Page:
Bonjour mes amis! If you happened to catch any of my (sorry) countless instagram stories over the past few weeks, you may have noticed I was in the land of rosé at lunch, rosé at dinner, and cheese after every meal. I had a lot of questions about what we were up to while I was away, so I thought I'd fill you in on on the details before talking about my new Sophie Swimsuit.
I met Guillaume in 2013 through Tinder, never knowing we'd still be together four years later, and I'd be living a ridiculous French fantasy in his homeland for a few weeks every year. I remember googling things like "What it's like to date a French guy" at the very beginning because he just seemed so different from the North American men I had mostly dated. I'm not sure how culturally representative he is of Gallic men in general, but in my experience, they say I love you very quickly, tell you the truth 100% of the time whether you want to hear it or not (what I like to call "French Honesty" and being a "food @ssh#le"), truly eat an astonishing amount of baguette, and are extremely close to their families.
I love my family, but I actually laugh out loud when I think about us spending as much time together as Guillaume's family does. There would be a ridiculous fight (or three), and someone (or many someones) is bound to drink too much wine and cry out of happiness or sadness or some combination of the two. Guillaume's family really blew my mind when I first got to know them. His mom and dad are no longer together but still spend vacations together, often with their mutual partners (my parents have been divorced for over 30 years and are still unbearably awkward when they're in the same room). Aunts, uncles, cousins, will all share the same home for days, if not weeks at a time. No one fights. No one drinks too much wine and cries. There is no constant TV on in the background. They just hang out all day long around a huge table and eat and laugh and talk. It's pretty magical. And it's basically the only reason I would agree to spend my summer vacation with a family other than my own, because it's just so damn pleasant to be around them, even if I only understand about 50% of what they're saying at any given time (this was definitely the trip that made me re-commit to becoming truly bilingual - I hate not getting the jokes!)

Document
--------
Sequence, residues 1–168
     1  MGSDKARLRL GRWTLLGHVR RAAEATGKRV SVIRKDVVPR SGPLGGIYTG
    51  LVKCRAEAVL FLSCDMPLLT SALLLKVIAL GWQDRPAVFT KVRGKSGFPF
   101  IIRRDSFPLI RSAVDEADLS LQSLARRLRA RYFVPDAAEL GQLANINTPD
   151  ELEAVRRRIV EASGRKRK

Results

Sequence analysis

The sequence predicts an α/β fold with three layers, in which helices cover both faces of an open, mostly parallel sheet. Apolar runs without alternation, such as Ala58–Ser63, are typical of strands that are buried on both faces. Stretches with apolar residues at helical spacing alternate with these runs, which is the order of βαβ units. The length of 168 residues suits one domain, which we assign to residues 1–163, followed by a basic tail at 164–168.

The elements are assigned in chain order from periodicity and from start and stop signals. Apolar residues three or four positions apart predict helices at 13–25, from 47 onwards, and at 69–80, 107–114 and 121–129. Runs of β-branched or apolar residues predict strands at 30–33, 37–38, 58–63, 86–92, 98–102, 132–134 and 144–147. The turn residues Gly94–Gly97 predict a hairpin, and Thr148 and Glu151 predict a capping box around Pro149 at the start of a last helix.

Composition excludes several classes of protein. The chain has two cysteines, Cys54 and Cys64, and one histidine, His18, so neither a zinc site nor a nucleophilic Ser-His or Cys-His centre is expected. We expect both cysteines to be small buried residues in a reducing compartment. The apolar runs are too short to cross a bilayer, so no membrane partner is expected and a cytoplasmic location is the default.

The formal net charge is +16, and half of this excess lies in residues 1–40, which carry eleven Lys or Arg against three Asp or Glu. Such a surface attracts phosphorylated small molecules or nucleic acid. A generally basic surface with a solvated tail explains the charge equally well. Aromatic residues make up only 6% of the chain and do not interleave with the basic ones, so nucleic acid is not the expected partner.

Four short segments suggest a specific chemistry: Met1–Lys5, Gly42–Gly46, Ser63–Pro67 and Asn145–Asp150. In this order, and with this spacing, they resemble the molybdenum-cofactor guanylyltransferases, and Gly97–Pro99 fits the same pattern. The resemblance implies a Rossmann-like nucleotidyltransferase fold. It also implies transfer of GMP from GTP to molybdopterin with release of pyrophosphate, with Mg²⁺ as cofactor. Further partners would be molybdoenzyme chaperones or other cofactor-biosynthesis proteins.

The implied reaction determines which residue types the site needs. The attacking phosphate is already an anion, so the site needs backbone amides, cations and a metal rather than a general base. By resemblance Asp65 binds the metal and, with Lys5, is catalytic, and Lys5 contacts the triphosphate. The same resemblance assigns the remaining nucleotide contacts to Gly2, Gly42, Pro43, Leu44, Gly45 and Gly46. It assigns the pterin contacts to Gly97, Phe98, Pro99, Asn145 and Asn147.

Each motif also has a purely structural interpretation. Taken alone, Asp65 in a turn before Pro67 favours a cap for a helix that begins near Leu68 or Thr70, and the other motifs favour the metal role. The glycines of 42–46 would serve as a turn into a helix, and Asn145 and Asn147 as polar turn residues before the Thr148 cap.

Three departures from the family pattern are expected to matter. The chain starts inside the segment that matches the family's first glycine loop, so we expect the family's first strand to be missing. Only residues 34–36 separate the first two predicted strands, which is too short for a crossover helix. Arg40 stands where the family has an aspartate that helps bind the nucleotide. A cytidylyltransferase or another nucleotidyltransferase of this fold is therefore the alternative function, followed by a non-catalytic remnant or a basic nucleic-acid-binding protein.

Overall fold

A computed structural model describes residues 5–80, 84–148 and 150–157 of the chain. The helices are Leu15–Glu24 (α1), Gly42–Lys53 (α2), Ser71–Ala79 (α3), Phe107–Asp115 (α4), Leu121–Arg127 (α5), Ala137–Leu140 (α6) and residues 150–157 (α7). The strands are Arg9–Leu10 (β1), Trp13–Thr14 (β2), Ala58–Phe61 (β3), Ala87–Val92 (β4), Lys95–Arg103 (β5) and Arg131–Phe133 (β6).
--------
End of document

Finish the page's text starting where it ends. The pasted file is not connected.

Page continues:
For the first half of the trip, we stayed at Guillaume's mother's country house in Lozère. While technically in the south, this region has an elevation of over 1000 meters, so it's cool, green, a little wild and very isolated. The house is small and has been in the family for a few generations, but since Martine is a sculptor with an amazing eye, it's filled with beautiful treasures she's found over the years. We were just with the immediate family (mom, dad, sister, and nieces) before driving further south to meet up with the rest of the family in Languedoc. We mostly hung out at his aunt and uncle's, one of my most favourite places on earth, and where we took these photos. Jeff is a builder and has done a ton of work on the property since they bought it ten years ago. The terrace is shaded by trees, and you can watch the sun set on the vineyards below when you're not swimming in the pool and eating figs straight from the tree. I one hundred percent cried like a baby on our last night because the entire family is so lovely and welcoming despite my terrible French, and this home is the living embodiment of The French Fantasy.